RESPONSE 3: The language included in subparagraph (o) of the MTC model regulations is included in New Rule II. As detailed in the reasonable necessity provided in the proposal notice, New Rule II directs taxpayers to Title 15, chapter 31, part 3, MCA, and the supporting administrative rules in ARM Title 42, chapter 26, for apportionment and allocation issues not specifically addressed in this subchapter. This is consistent with the way the other industry specific administrative rules read and is done to prevent the duplication of general apportionment and allocation rules that apply to all entities.
COMMENT 4: Mr. Turkiewicz commented that as he reads the proposed language in New Rule III(11)(a), net gains on trading assets are to be included in the apportionment factor for sales of trading assets for financial institutions, which appears to be different than the treatment of "assets" for non-financial industries. Sales of trading assets of financial institutions should have equivalent treatment as sales made by manufacturers and retailers; thus, the gross selling price of trading assets should be included in the receipts just as the gross selling price of widget sold by manufacturers and retailers are included the receipts factor. Assets maintained for sale in the inventory of a financial institution are equivalent to assets maintained for sale in the inventory of manufacturers and retailers.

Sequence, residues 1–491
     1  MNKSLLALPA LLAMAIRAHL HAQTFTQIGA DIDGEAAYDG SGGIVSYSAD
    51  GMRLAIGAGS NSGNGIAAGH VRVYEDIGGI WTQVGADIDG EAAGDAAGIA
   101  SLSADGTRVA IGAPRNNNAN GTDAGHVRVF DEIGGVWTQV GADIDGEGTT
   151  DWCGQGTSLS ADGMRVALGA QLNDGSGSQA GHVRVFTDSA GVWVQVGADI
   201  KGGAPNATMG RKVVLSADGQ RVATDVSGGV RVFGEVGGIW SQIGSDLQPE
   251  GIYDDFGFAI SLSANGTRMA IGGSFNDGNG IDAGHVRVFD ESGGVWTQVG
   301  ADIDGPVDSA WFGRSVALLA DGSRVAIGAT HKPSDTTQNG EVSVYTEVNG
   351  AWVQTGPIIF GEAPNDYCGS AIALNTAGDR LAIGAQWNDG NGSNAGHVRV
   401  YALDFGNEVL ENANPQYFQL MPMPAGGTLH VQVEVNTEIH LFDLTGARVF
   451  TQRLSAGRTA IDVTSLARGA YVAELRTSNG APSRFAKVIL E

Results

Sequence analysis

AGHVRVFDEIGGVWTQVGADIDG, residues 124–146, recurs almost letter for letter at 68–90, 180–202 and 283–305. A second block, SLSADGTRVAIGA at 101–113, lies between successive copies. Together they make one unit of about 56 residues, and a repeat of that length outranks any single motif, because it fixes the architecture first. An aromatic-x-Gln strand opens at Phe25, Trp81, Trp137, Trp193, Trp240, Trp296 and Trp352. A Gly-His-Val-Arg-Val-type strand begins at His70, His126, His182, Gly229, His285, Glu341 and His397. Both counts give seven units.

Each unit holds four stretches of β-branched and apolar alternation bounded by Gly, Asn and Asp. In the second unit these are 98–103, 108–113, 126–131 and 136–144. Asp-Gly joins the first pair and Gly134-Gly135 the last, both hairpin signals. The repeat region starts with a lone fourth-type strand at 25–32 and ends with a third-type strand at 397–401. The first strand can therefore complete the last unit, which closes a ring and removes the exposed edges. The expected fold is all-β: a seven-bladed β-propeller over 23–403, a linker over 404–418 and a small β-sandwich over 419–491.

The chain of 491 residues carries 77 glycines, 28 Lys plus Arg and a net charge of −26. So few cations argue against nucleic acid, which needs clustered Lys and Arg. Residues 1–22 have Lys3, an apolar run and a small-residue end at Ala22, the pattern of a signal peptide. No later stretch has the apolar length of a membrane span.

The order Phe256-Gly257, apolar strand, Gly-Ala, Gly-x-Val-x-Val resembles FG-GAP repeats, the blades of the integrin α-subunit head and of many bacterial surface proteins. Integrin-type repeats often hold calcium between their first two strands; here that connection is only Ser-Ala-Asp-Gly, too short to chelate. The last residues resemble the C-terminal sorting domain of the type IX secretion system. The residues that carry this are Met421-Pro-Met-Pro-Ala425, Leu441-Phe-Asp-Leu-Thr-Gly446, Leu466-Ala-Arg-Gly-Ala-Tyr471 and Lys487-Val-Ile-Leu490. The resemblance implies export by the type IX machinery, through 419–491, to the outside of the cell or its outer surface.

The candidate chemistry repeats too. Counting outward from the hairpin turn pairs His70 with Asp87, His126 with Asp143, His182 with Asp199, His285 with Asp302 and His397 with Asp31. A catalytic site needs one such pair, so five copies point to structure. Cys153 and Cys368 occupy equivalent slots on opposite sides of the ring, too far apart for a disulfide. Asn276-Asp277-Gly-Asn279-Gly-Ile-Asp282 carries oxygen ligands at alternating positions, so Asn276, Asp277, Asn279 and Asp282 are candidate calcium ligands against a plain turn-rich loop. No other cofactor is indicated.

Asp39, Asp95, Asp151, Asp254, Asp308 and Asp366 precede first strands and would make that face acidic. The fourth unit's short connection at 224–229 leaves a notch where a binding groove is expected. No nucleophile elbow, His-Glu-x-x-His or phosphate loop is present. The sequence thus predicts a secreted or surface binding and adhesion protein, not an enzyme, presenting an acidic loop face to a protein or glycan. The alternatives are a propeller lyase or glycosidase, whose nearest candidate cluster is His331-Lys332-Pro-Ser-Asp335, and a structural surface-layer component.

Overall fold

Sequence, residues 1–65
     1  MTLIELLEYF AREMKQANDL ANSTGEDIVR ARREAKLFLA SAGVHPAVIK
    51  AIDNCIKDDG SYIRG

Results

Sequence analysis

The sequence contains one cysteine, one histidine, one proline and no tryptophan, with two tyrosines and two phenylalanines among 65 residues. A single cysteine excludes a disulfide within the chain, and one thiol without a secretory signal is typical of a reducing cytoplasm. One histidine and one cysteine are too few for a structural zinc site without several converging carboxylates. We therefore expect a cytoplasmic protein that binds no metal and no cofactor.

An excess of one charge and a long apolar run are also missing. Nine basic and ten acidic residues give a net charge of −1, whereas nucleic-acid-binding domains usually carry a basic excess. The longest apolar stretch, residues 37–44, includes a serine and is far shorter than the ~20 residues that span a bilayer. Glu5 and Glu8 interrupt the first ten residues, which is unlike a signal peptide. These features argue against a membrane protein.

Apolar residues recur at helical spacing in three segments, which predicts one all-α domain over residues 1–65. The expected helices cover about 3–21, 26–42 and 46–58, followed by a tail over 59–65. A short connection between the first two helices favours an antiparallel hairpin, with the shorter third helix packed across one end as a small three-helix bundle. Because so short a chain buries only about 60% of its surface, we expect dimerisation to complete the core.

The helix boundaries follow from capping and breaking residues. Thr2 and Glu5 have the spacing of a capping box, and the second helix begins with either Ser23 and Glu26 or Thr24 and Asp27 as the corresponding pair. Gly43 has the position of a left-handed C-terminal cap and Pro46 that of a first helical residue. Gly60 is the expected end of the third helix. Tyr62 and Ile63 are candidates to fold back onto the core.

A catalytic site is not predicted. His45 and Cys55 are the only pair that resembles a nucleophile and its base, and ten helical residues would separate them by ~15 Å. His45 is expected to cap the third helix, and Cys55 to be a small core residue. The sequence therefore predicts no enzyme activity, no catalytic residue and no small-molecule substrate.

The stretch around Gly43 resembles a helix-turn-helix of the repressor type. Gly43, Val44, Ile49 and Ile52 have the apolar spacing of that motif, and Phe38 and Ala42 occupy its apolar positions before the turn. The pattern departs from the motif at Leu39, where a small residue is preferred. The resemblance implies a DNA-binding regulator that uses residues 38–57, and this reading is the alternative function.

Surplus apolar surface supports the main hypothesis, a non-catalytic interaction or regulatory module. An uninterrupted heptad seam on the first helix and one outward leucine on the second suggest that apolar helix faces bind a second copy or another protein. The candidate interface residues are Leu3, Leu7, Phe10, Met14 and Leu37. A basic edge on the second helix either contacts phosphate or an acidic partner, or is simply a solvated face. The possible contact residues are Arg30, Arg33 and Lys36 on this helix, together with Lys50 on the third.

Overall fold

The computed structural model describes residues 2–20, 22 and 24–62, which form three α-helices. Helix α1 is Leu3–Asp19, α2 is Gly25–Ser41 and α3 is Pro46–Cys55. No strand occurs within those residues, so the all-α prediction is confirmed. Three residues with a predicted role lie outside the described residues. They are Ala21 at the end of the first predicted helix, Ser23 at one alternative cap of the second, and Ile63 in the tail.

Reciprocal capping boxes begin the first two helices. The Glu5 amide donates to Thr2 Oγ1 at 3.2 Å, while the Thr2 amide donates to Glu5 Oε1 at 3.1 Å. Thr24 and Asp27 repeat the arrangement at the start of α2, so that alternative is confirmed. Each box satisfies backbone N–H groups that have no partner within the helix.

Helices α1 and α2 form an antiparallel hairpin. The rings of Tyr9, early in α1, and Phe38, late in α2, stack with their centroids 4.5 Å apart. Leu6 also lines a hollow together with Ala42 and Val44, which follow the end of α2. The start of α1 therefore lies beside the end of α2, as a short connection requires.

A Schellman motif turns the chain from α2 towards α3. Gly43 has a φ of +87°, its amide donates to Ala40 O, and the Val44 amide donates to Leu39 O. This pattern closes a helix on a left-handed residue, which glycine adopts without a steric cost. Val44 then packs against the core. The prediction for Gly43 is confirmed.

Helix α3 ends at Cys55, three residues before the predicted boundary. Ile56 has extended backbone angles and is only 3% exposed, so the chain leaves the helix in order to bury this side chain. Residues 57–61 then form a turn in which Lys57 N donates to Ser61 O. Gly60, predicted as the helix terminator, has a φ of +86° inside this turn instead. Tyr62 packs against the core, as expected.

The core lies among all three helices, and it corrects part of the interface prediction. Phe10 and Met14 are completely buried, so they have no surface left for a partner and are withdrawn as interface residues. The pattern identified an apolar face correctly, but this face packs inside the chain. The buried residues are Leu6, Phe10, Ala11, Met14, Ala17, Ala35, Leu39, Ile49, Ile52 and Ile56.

Therefore, the Montana Bankers Association respectfully requests that the department include "gross receipts," not "net gains," in the apportionment factor for sales of trading assets.
RESPONSE 4: The decision to use net gains instead of gross receipts for the sales of trading assets was thoroughly discussed by the states and industry during the MTC model regulation drafting. To allow the inclusion of gross receipts for trading assets and net gains for all other items of revenue associated with a financial institution would distort the sales factor and would not provide a fair reflection of the financial institutions' business activity in all states. The department believes that it is proper to include only net gains from the sale of trading assets in the sales numerator and denominator.
/s/ Laurie Logan /s/ Mike Kadas
Laurie Logan Mike Kadas
Rule Reviewer Director of Revenue
Certified to the Secretary of State November 27, 2017.